>

> ...
>

> linbox.matrix_matrix_multiply

>

> calls

>

> linbox_modn_dense_matrix_matrix_multiply

>

> from the LinBox SPKG (src/interfaces/sage/linbox.C)

>

>

> which copies the matrix to a new matrix A.

I see. So, the plan for a proper wrapper would be to use Linbox's data
> which copies the matrix to a new matrix A.

format in the first place.

Perhaps it would be best to study http://sage.math.washington.edu/home/burcin/dense_ctypes.patch

If really coercion is the only missing bit then it is worth to give it

a try.

Cheers,

Simon

Jul 14, 2011, 10:40:24 AM7/14/11

to sage-devel

PS:

On 14 Jul., 16:37, Simon King <simon.k...@uni-jena.de> wrote:

> Perhaps it would be best to study http://sage.math.washington.edu/home/burcin/dense_ctypes.patch

Is there a ticket where that patch is dealt with?

On 14 Jul., 16:37, Simon King <simon.k...@uni-jena.de> wrote:

> Perhaps it would be best to study http://sage.math.washington.edu/home/burcin/dense_ctypes.patch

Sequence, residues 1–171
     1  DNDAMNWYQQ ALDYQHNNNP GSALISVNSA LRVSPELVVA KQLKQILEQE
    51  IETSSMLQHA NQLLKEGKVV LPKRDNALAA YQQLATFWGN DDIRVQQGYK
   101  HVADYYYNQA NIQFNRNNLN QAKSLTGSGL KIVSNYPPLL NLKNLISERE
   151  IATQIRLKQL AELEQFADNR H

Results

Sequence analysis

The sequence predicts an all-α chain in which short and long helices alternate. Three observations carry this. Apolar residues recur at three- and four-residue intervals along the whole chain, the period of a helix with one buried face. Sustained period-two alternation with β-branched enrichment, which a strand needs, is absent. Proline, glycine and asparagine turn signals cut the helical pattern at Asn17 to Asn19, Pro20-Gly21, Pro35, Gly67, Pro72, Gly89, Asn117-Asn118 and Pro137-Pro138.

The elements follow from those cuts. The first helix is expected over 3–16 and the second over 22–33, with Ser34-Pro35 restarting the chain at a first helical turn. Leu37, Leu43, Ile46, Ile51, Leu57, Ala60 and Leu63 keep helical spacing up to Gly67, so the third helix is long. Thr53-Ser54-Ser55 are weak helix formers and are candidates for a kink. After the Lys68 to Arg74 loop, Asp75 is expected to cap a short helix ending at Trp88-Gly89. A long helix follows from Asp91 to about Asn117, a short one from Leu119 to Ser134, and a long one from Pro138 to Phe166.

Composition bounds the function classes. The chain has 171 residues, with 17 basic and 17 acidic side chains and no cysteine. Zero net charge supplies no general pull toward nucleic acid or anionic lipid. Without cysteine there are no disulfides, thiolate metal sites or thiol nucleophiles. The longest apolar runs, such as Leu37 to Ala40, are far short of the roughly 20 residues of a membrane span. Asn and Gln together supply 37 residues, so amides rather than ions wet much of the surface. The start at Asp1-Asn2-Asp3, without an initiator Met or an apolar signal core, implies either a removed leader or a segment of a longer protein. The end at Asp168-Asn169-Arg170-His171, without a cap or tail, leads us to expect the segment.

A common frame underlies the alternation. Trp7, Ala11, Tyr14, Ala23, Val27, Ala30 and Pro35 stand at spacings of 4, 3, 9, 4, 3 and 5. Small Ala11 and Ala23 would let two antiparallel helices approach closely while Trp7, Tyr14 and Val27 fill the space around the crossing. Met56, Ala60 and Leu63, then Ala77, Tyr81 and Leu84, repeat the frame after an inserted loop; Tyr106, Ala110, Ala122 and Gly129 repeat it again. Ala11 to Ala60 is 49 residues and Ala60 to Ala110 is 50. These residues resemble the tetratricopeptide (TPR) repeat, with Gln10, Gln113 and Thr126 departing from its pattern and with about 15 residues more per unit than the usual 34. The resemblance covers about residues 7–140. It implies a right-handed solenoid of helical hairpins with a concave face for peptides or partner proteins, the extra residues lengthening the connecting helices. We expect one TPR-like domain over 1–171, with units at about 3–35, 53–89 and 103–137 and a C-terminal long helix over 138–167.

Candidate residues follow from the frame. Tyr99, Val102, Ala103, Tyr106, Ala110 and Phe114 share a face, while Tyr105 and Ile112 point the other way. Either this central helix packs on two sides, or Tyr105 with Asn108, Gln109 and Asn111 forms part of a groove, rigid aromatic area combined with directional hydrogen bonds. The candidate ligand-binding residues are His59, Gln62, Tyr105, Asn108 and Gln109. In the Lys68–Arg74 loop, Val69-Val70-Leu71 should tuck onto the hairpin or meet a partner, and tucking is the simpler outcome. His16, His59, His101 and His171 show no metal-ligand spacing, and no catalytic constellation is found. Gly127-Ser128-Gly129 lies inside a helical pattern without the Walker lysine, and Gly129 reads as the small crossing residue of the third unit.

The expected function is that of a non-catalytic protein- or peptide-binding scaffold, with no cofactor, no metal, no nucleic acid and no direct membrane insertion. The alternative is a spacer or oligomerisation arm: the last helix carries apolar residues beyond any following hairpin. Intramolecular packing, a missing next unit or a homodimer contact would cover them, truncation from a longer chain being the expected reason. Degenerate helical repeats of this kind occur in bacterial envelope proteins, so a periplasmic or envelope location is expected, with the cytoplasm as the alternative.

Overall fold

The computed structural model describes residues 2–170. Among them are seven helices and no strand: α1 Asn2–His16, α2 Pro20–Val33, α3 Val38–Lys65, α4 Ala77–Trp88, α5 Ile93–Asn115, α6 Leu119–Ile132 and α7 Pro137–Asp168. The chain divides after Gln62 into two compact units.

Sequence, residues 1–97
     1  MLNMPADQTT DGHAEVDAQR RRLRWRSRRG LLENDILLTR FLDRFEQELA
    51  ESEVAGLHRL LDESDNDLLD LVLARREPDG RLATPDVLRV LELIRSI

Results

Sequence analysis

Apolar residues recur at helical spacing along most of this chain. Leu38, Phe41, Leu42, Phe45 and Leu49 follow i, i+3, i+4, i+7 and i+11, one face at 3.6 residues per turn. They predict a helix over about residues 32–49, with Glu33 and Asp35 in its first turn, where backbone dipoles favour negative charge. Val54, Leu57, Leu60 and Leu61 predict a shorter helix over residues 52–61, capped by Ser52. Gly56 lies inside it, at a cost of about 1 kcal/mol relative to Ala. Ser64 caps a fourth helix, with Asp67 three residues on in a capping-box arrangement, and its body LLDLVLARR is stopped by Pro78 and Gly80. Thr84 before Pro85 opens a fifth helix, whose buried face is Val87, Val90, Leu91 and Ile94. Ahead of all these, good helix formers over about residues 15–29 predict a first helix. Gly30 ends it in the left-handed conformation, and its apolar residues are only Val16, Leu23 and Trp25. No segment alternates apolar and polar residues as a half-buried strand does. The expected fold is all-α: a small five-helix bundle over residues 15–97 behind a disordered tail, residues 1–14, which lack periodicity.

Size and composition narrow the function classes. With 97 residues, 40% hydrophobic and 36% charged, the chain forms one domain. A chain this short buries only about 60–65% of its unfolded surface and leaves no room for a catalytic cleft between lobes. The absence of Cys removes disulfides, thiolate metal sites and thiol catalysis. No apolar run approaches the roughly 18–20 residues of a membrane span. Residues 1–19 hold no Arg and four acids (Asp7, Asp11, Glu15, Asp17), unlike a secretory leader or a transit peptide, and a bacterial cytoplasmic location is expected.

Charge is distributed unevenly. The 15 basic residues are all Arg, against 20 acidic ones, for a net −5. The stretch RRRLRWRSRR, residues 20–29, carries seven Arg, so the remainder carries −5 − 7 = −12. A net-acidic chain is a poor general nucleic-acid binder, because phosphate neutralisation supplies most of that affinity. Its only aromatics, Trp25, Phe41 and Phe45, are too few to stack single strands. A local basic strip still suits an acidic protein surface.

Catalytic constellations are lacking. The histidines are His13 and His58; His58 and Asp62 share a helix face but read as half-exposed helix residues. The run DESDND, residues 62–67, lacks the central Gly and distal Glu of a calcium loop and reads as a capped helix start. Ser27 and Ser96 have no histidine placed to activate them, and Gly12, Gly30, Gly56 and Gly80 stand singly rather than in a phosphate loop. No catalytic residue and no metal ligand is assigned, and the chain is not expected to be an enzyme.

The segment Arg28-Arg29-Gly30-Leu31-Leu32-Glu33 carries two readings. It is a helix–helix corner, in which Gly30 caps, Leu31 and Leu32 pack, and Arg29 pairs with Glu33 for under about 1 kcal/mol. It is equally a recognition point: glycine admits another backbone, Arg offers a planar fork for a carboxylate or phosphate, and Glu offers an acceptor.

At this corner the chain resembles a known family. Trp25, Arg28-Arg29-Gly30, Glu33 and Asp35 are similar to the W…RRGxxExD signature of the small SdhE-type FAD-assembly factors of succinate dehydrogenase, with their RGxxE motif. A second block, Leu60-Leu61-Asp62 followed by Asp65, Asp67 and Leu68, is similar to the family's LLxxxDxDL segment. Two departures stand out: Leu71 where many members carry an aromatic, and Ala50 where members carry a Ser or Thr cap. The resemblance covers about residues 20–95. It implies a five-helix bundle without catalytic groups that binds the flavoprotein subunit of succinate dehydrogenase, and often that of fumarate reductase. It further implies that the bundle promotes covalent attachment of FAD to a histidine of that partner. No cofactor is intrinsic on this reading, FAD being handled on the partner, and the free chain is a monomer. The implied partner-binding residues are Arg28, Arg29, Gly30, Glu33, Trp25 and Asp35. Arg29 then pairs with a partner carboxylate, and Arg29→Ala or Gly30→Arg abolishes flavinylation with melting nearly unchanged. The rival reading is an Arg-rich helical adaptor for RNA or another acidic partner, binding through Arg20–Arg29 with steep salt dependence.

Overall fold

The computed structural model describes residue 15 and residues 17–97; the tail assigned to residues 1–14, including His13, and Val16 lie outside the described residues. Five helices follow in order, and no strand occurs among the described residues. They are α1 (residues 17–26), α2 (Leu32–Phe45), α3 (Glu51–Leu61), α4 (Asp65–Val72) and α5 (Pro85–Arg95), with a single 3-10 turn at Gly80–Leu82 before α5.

Jul 18, 2011, 5:37:40 AM7/18/11

to sage-...@googlegroups.com

Hi Simon,

AFAIK, there are 3 tickets on trac: 4260, 4968, 4258

We could merge these and close 2 of them as duplicates.

When I get a chance I will take a look at redoing the template

structure in the dense_ctypes.patch. I am back to normal schedule

only today, so this will probably happen sometime tomorrow.

Perhaps you can help with the pickling, coercion, etc. problems once I

get the linbox wrapper working. ;)

Cheers,

Burcin

Jul 18, 2011, 6:05:55 AM7/18/11

to sage-...@googlegroups.com

> When I get a chance I will take a look at redoing the template

> structure in the dense_ctypes.patch. I am back to normal schedule

> only today, so this will probably happen sometime tomorrow.

>

> Perhaps you can help with the pickling, coercion, etc. problems once I

> get the linbox wrapper working. ;)

> structure in the dense_ctypes.patch. I am back to normal schedule

> only today, so this will probably happen sometime tomorrow.

>

> Perhaps you can help with the pickling, coercion, etc. problems once I

> get the linbox wrapper working. ;)

Cool! My plan was to work on this during the upcoming Sage Days in Seattle at